The truth is, you completed your law degree and no one will ever be able to take that away from you. It’s a good backup to have, but don’t let that security keep you from what you really want. There’s a reason you decided to leave law, and there’s a reason you read this article – step out in faith that the job you want is out there waiting for you.

Related Questions

What can I do with a law degree (without becoming a lawyer)? Many law school graduates move on to jobs that are not connected to a law firm. Some of these jobs may include: politics, lobbying, law professor, legal consultants, mediators, journalism, real estate attorney, and much, much more.

Having a law degree means that you will always be able to fall back on it if necessary. If you’ve passed the bar, you will always be able to practice law. You have a great backup if your first career doesn’t work out – but make sure you enjoy it! Life is long and we work every day, if you aren’t happy with law then find something else.

Is law school worth it if I don’t want to be a lawyer? The answer to this question depends on what you intend to do career-wise. If you are looking to go into politics or at joining the intelligence community then law school is a wise choice. Law school and a law degree can be very useful in any industry – but make sure you know what you’re getting into.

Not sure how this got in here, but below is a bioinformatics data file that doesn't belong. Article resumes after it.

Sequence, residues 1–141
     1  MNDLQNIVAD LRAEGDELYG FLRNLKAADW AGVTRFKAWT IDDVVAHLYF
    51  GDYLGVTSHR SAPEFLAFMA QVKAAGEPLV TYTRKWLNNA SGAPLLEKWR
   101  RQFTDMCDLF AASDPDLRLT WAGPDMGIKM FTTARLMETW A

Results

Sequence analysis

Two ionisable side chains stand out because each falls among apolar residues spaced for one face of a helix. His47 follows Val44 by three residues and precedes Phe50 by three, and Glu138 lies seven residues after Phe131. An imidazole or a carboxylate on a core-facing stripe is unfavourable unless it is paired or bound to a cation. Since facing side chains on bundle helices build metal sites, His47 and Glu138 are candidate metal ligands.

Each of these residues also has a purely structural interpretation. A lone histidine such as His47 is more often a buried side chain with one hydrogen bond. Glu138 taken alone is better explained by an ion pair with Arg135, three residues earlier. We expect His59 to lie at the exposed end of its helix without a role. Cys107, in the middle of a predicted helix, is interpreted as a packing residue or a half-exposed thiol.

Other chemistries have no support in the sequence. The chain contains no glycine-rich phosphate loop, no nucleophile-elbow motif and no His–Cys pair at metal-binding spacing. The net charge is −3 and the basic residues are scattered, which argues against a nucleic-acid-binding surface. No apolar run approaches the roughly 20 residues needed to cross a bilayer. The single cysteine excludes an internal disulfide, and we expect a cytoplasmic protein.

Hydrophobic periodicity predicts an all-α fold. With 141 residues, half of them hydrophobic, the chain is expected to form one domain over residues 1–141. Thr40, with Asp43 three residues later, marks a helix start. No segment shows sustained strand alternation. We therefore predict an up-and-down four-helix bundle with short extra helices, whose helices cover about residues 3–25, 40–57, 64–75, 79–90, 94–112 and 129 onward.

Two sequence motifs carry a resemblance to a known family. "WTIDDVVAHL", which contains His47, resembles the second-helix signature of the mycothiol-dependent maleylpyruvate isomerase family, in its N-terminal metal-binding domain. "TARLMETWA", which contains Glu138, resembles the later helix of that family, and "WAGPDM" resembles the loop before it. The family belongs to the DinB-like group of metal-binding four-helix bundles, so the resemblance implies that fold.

Law school is expensive and it is a three-year commitment. Not just three years of school, three years of mentally exhaustive reading, writing, preparing, exams, and group work. If you are not prepared to accept the challenges that law school faces, you should look for another way to reach your desired career.

If going to law school will help you land a job in your desired industry, then by all means you should attend. However, you should also be aware that it may take time to pay off any loans or debt you incurred while in school. Don’t make the decision lightly, if you have any doubts, then law school is probably not for you.

Thank you for reading! Find more simple legal information here.

Written By

Matt has over 10 years of legal writing experience. He's worked and written for legal websites for serval websites including Truskett Law, Bruner Law, Jeffrey & Erwin, Gary Crews, PLLC., Deposition Academy, and Wagner & Lynch.